How to Take Your Automated Emails to the Next Level
I don’t have to tell you automated emails drive better results compared to other types of emails; this is a well-known fact in our industry. Automated emails get higher open and click-through rates because they are targeted and timely, such as after a purchase or newsletter signup.
Automated emails are also time savers; you can set them up and let them rip.
Chances are you’re already using automated emails, even if it’s a basic welcome or order confirmation email. So, what’s next? It’s time to take your automation to the next level.
Why It’s Worth Leveling Up Your Automated Emails
If you’re using automated emails, you already have a huge competitive advantage. A study from the Direct Marketing Association shows only 13 percent of respondents are sending emails based on individual actions and preferences. If you improve on your automated emails that are already in place, you’ll trounce your competition.
Ideally, if you have an e-commerce site, you should already be segmenting your subscribers with campaigns focused on data that you can easily collect and act upon, such as abandon browse/abandon cart users or higher value customers who spend more or shop more often. If you’re not in the e-commerce business, you should still be hyper-segmenting based on audiences that will move the needle for you, such as gender, job title and ZIP code. A B2B marketer can segment based on online or in-person events someone attends. That segmenting could be done by type of event or ZIP code. Or a marketer could segment based on Send-Time-Optimization (STO) after testing to determine which subscribers engage at certain send times. The possibilities are almost endless.
How to Level Up Your Automated Emails
The key to improving automated emails is change. Change can help you stand out in the inbox and get subscribers to notice your email.
In life, how do you get someone to notice you? You change something. You change your routine, you work out at the gym, you change your diet, you buy and wear different clothes, you dye or cut your hair—you change something and become a bit unpredictable.
Applying this philosophy of change to your email marketing will help subscribers notice your emails. Here are some ideas:
- Try switching up the content or the look and feel of your template.
- Add some GIFs.
- Change up the frequency.
- Try a different voice or tone.
- Send the email using a different from name.
- Try an offer.
- Switch up your subject line or preheader text; try something uncharacteristic of your previous emails.
- Send the email at a different time or on a different day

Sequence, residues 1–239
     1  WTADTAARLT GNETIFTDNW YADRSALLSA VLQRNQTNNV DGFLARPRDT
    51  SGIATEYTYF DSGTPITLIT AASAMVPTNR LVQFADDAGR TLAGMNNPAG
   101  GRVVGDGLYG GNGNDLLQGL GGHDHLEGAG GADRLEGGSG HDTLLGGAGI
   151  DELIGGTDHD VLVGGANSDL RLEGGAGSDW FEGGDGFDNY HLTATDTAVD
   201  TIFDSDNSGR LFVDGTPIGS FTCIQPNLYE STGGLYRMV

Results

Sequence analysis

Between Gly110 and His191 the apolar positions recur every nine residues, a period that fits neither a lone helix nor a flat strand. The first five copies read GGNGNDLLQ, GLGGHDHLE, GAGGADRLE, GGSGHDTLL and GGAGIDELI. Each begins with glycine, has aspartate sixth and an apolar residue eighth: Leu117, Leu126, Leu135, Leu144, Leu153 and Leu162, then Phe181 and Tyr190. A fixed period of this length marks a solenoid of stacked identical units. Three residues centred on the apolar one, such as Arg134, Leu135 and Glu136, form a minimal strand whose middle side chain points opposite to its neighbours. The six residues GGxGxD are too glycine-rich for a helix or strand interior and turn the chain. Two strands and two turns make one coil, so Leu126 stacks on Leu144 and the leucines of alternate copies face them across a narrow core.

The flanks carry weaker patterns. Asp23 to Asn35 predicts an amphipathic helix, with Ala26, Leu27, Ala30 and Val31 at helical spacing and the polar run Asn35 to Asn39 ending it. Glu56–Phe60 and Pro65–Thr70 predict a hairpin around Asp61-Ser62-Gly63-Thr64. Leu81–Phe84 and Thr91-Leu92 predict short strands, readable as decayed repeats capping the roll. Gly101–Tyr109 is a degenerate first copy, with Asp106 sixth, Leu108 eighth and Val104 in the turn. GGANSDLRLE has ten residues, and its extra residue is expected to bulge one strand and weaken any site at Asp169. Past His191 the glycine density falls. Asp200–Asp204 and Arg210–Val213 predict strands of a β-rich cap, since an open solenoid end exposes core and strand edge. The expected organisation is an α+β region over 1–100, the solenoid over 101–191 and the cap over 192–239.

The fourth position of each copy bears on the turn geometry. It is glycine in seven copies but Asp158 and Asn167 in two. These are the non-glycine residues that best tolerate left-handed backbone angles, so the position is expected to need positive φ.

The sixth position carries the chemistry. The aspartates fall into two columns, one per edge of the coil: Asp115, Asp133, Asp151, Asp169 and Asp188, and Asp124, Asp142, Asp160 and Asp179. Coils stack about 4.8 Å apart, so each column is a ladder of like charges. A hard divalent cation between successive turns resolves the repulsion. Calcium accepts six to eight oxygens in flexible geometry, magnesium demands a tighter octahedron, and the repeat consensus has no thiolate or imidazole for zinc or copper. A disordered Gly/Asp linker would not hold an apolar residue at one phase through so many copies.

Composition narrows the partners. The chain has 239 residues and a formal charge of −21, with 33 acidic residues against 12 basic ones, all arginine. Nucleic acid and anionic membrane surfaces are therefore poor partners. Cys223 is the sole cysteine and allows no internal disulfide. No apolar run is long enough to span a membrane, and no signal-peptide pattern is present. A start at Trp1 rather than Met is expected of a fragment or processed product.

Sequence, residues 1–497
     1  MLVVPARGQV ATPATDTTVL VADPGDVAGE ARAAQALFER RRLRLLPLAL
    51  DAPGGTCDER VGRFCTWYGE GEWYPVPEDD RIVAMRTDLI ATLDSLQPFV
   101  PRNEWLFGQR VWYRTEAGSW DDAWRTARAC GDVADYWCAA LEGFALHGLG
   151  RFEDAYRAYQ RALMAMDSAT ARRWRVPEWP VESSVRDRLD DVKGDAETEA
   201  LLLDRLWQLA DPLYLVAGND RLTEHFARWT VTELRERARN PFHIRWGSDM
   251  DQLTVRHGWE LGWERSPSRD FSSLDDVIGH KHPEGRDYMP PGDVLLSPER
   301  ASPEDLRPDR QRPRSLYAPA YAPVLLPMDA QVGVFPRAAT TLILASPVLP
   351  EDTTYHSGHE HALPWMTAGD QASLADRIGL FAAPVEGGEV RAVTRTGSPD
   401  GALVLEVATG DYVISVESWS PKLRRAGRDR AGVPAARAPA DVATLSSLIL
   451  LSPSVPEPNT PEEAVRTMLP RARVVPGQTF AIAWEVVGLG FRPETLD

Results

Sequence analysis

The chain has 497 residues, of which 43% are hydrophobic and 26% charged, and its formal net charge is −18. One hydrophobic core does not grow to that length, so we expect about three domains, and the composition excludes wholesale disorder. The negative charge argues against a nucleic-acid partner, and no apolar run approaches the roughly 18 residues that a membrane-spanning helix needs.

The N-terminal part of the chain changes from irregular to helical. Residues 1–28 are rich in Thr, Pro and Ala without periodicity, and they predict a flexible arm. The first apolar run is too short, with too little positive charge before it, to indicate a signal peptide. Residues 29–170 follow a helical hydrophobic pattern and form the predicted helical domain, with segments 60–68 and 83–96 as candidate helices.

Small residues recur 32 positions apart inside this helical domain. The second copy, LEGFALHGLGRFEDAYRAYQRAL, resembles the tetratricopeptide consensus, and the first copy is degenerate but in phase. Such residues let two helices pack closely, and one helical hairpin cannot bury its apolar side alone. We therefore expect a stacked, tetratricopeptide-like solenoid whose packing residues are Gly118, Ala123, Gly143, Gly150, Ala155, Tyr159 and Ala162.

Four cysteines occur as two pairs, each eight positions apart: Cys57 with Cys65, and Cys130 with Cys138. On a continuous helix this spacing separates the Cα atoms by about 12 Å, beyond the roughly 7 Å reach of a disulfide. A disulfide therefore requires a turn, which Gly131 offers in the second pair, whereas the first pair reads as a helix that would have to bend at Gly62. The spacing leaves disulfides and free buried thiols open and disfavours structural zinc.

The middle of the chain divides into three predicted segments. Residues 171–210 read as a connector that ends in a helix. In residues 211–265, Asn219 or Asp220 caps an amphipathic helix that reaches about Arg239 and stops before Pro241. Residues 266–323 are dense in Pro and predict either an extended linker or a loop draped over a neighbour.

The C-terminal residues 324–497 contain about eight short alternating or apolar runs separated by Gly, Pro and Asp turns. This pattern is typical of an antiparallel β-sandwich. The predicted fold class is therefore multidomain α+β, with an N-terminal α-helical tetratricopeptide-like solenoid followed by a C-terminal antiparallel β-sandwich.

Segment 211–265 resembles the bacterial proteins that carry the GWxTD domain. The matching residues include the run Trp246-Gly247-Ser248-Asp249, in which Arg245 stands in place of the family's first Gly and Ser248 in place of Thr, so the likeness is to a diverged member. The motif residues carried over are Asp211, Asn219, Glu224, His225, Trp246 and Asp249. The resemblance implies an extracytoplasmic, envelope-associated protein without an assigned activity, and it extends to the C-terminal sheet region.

The key here is change. You’ve set up an automated pattern that subscribers come to expect, so change that pattern. The new variety can get you noticed.
Test Your Changes
It’s important to remember that any changes you consider should go through an A/B testing process, so you can determine what does or doesn’t work for your particular audience segment. Determine what makes people stop engaging and adjust accordingly. Test your offers and calls to action and any other components you’re changing in your automated emails, so you can measure and optimize.
And don’t forget to QA all of your email changes – a new template, an added GIF or even new copy can mess with how your email renders.
Remember that when you’re making these changes, you’re not in pursuit of the perfect subject line or newsletter layout – you’re making an effort to get noticed and boost engagement. Changing up a pattern can help get you there.
Final Thoughts: Don’t Send Spam
As I was writing this post, marketer and cartoonist Tom Fishburne published a cartoon spoofing email automation that’s done as spam. As Tom says in the post, “…spam sent via marketing automation tools is still spam.” Keep this in mind as you’re revamping your automated emails and make sure you are marketing to subscribers who have given you permission to do so, and who are interested in a multiple-email series about your brand or product.
Author: Cameron Kane
Cameron Kane is the CEO at iPost. He has co-founded multiple startups and led teams that have created and launched many email software products, including Rich Media Email, Solocaster and eMVision. As the CEO at iPost, he strives to ensure customers distill value from the software.